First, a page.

South Carolina Child Support Laws

By Heather Frances J.D.

Like other states, South Carolina has laws that direct how child support is established and enforced when parents split up, including how paternity is established. As long as the custodial parent lives in South Carolina, South Carolina’s laws and helping agencies can be used, even if the noncustodial parent lives in another state. Many of South Carolina’s child support laws and procedures are similar to those of other states.

Child Support Enforcement Division

South Carolina’s Child Support Enforcement Division, a division of the Department of Social Services, is charged with enforcing federal and South Carolina child support laws. CSED helps both custodial and noncustodial parents with child support problems, including help for custodial parents who are having trouble obtaining child support payments and help for noncustodial parents who are trying to establish paternity or review support orders. CSED can even help a custodial parent find a noncustodial parent if need be. To receive services from CSED, a parent must file an application and pay an application fee, which is waived if the applicant receives Temporary Assistance to Needy Families.

Establishing Paternity

South Carolina law allows a paternity case to be brought by a child, the child’s biological mother or legal caretaker, CSED or a person claiming to be the child’s father. The case may involve a court hearing and paternity tests to assist the court in determining paternity, and CSED can help the petitioning parent through the process. An alleged father can also voluntarily acknowledge paternity in writing. Once a father has made this acknowledgment and sixty days have passed, the acknowledgment cannot be changed except for certain reasons like fraud.

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How Child Support Is Calculated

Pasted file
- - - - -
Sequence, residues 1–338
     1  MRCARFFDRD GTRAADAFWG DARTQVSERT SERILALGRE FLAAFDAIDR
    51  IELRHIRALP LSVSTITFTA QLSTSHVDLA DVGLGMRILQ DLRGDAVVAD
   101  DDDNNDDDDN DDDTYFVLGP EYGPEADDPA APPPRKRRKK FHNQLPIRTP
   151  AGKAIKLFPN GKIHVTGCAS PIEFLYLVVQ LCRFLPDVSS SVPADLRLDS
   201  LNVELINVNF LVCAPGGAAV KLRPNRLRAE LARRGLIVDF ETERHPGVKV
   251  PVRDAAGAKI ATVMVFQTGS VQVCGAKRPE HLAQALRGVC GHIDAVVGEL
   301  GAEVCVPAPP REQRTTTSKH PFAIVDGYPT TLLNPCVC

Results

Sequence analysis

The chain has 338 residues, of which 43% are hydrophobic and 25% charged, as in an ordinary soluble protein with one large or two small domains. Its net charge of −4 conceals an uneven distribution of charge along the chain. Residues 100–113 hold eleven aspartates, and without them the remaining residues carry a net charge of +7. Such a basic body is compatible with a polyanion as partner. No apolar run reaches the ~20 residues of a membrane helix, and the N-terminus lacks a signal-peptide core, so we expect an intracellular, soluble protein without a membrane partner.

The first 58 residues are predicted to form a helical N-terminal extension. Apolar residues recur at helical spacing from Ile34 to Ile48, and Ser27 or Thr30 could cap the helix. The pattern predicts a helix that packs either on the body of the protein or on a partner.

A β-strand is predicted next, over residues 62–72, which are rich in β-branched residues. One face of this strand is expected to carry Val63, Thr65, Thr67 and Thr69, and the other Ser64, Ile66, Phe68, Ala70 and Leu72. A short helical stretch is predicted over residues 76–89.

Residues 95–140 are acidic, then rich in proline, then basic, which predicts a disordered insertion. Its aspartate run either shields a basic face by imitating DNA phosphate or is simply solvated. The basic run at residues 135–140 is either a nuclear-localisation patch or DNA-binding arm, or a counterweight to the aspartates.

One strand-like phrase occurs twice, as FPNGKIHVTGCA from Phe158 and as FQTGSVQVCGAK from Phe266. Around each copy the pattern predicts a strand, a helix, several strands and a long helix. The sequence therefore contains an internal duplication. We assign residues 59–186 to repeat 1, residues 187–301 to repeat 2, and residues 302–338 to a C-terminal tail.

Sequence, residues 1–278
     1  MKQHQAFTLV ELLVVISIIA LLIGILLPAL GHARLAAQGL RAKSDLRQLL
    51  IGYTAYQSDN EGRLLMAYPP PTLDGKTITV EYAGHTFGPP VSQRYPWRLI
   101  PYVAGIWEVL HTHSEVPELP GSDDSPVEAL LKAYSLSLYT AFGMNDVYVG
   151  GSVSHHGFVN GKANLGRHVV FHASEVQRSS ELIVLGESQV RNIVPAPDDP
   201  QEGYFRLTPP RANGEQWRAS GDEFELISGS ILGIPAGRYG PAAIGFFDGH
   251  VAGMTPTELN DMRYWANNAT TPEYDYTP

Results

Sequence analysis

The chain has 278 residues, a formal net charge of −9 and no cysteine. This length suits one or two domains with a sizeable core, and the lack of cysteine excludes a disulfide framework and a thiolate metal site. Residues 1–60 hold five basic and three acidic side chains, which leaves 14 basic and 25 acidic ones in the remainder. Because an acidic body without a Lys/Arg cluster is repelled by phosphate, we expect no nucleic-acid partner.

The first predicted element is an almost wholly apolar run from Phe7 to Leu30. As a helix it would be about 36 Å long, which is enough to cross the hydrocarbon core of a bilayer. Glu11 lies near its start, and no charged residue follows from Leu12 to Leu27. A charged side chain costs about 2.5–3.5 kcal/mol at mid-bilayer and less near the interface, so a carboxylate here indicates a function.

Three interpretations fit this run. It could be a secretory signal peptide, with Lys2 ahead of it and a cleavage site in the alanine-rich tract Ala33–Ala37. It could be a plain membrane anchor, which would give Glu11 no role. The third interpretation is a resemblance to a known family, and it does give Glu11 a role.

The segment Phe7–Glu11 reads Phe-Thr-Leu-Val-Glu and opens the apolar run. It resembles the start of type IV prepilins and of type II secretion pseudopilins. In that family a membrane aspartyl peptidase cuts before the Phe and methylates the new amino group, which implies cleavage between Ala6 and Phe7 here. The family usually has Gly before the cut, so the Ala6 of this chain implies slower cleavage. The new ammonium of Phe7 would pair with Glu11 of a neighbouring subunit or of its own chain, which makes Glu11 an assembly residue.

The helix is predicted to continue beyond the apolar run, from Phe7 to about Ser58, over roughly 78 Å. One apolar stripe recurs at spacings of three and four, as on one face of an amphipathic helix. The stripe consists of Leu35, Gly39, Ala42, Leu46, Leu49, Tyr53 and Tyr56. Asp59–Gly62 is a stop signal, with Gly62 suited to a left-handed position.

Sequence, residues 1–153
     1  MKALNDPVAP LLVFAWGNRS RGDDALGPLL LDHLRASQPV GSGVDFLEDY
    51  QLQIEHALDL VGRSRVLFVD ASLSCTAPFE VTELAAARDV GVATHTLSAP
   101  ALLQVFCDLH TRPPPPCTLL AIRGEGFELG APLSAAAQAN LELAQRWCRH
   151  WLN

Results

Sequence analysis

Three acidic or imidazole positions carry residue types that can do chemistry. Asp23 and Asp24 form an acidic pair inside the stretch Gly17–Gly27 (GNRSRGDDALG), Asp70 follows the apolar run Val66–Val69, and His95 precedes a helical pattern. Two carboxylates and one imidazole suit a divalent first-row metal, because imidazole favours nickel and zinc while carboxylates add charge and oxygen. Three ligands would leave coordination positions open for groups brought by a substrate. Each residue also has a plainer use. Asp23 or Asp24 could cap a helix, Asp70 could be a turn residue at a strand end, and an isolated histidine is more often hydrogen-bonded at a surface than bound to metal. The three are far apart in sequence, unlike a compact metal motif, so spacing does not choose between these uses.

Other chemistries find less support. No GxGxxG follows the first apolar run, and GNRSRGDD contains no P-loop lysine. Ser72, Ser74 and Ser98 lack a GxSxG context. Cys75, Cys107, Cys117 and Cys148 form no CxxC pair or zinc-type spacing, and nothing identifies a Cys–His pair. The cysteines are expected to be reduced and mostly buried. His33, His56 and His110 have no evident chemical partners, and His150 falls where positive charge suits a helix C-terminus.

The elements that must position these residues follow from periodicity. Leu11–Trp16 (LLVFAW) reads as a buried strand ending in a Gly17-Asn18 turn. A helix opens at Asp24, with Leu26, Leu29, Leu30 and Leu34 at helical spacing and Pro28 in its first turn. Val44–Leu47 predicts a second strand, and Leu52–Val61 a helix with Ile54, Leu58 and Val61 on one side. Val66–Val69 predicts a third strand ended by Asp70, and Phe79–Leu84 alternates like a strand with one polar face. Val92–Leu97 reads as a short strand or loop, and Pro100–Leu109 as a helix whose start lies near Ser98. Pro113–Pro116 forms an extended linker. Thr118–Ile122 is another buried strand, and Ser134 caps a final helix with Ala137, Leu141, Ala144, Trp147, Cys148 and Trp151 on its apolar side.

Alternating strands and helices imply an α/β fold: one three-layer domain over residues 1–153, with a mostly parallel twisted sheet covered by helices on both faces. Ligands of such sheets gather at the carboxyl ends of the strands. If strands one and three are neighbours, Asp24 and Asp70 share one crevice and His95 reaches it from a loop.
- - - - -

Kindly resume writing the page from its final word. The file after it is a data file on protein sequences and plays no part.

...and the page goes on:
South Carolina courts issue orders regarding the amount of child support noncustodial parents must pay. The amount of child support is based on the income of both parents, number of children involved and costs of day care and health insurance. These factors are incorporated into the South Carolina Child Support Guidelines, which prescribe the default child support amounts for all cases in South Carolina. The court can deviate from these guidelines if the result would be unjust or inappropriate, but courts typically follow the guidelines.

Enforcement Remedies

Once a court enters a child support order, CSED can help enforce the order if the noncustodial parent doesn’t pay what he should. Most child support orders contain income-withholding provisions that require an employer to withhold the child support from the noncustodial parent’s paycheck. The court can also order the noncustodial parent to appear before the court to explain why he hasn’t paid his child support; without a valid reason for nonpayment, the noncustodial parent could be fined and imprisoned up to a year. The noncustodial parent’s driver's license, passport or professional licenses could also be revoked, and federal and state income tax refunds seized. If necessary, the noncustodial parent’s bank accounts, land or vehicles could also be seized to pay past due child support.

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How Does Louisiana's Child Support System Work?

When parents divorce, children may suffer financially from the decreased household income level. Child support orders are given to help ensure that both parents are supporting the children financially, even when only one parent has custody of the children. In Louisiana, as in other states, child support guidelines help determine the amount to be paid, and the state can help a custodial parent obtain payments.

Can a Noncustodial Parent Lose Visitation for Nonpayment of Child Support?

Courts encourage relationships between parents and children, so an ex-spouse who does not pay child support as ordered generally will not lose court-ordered visitation just because of the nonpayment. However, this does not mean the spouse receiving child support does not have resources to enforce the child support order and collect past-due payments.

What Are the Sentencing Guidelines in Michigan for Nonpayment of Child Support?

In Michigan, when a court orders a noncustodial parent to pay child support, he must do so until the child turns 18 years old. If a child is still in high school, the noncustodial parent must provide support until the child turns 19 1/2 years old. When a parent violates a child support order, he may face criminal prosecution, jail time and/or fines.

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